In Europe, of the 2.5 million patients undergoing high-risk surgery annually, one in four develops serious postoperative complications1,2. Throughout the hospital patient journey, anaesthetists and intensivists need to analyse large amounts of data to make life-critical decisions for patients. One example is critical drops in blood pressure known as hypotension. Intraoperative hypotension is common in patients having non-cardiac surgery under general anaesthesia3. Intraoperative hypotension is associated with increased mortality and major postoperative complications (myocardial injury, acute kidney injury)(4-8).

These postoperative complications come with a significant cost burden for healthcare systems as they are linked with rehospitalisations and increased morbidity.9

Tackling intraoperative hypotension is a critical task for anesthetists. Systems have been used in operating rooms and intensive care units to monitor blood pressure and other vital signs for decades. However, with these technologies, intraoperative hypotension is sometimes not detected, and when it is, the treatment is reactive, potentially after blood pressure has already dropped below safe levels”, Dr Simon James Davies, Honorary Consultant in Anaesthesia and Perioperative Medicine, York and Scarborough NHS Foundation Trust.

Edwards Lifesciences has developed the Acumen HPI software, which provides clinicians with information regarding the likelihood that a patient will develop hypotension. Based on an algorithm that calculates data from hemodynamic monitoring in perioperative management, it leverages predictive analytics to alert clinicians of potential blood pressure drops before they occur.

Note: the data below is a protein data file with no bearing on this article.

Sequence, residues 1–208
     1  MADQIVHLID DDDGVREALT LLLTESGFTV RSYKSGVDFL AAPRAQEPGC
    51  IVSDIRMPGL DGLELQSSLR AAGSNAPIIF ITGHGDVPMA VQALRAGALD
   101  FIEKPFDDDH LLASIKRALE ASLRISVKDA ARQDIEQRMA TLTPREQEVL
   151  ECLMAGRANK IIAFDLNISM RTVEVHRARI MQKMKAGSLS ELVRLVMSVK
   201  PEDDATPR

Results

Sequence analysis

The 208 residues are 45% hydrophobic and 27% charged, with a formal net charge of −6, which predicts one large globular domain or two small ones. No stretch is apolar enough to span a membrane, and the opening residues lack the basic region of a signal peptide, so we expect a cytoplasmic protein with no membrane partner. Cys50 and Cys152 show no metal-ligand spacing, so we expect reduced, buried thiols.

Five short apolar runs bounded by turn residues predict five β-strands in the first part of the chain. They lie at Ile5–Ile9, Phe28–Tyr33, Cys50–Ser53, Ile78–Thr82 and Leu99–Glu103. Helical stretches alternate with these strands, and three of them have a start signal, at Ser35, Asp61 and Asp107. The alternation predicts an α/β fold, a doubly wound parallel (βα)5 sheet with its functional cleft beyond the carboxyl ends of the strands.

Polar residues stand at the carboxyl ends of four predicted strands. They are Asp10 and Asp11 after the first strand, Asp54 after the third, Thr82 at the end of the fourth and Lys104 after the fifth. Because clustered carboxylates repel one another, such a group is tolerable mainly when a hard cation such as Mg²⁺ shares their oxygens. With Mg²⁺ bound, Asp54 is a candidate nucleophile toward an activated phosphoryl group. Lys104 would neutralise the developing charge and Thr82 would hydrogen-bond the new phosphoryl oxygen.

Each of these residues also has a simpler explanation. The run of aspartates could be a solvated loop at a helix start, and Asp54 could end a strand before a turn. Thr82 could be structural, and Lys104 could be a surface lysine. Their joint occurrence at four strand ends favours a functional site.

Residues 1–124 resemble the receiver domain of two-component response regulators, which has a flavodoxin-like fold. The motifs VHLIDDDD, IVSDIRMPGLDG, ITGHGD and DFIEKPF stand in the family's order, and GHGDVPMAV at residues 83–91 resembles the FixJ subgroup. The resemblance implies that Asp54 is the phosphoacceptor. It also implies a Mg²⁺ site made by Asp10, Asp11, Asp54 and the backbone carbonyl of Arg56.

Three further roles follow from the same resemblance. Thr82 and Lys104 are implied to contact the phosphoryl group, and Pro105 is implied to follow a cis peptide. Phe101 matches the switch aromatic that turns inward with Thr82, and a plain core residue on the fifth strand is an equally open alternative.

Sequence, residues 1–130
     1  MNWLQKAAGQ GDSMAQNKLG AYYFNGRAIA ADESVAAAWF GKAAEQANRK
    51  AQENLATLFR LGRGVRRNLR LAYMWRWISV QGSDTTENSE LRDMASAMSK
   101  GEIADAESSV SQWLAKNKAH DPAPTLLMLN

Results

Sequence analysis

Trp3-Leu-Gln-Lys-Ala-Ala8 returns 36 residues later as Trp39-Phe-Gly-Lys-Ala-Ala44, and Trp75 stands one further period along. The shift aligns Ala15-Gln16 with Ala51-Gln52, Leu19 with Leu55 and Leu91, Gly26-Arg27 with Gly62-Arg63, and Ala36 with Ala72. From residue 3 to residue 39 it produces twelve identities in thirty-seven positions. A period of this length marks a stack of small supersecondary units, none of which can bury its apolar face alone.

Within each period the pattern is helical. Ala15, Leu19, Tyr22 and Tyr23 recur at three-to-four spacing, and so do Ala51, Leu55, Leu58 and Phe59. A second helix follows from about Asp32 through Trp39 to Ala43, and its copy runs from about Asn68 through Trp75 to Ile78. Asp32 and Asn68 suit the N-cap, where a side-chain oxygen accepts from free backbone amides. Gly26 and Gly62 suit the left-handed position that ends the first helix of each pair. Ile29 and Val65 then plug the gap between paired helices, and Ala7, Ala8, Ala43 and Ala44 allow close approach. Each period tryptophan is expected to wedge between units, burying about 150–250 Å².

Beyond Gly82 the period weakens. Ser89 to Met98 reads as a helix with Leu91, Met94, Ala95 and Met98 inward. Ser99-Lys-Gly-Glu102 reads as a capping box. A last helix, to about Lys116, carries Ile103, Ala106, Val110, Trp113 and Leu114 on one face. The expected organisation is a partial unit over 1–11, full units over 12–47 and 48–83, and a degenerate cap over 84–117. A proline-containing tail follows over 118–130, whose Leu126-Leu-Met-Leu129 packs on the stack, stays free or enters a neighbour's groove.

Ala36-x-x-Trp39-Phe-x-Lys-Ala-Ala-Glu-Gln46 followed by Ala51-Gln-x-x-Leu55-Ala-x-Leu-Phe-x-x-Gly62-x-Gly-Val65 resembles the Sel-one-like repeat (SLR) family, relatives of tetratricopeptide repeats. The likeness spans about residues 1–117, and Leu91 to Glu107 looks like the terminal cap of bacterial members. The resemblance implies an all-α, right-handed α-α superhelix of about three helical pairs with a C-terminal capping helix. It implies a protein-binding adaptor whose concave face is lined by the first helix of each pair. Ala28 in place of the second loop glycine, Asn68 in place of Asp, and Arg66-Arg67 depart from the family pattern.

“Predictive hemodynamic monitoring may be a promising approach to improve patient safety and outcomes. Clinicians need innovations that can support complex clinical decision making in order to improve quality of care.” comments Dr S J Davies.

“The consequences of the COVID-19 pandemic have drastically accelerated the need for solutions that improve patient safety and outcomes, reduce hospital length of stay and increase hospital efficiencies. The results of the EU-HYPROTECT registry are promising and demonstrate the need to better monitor hypotension in the perioperative pathway. Improving patient safety and outcomes is our ultimate goal and we believe the use of predictive monitoring can help achieve this.” comments Pr Thomas Scheeren, Senior Director Medical Affairs EMEACLA at Edwards Lifesciences.

The full results of the EU-HYPROTECT registry were published in the British Journal of Anaesthesia and can be consulted on

About Edwards Lifesciences

Edwards Lifesciences is the global leader of patient-focused innovations for structural heart disease and critical care monitoring. We are driven by a passion for patients, dedicated to improving and enhancing lives through partnerships with clinicians and stakeholders across the global healthcare landscape. For more information, visit and follow us on Twitter @EdwardsLifesci.

Edwards, Edwards Lifesciences, the stylized E logo, Acumen, Acumen HPI, HPI and Hypotension Prediction Index are trademarks of Edwards Lifesciences Corporation and its affiliates. All other trademarks are the property of their respective owners. This statement is made on behalf of Edwards Lifesciences Corporation and its subsidiaries.



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Media Contact:
Julie Tracol
+41 (0)75 431 74 95


Media Contact:
Julie Tracol
+41 (0)75 431 74 95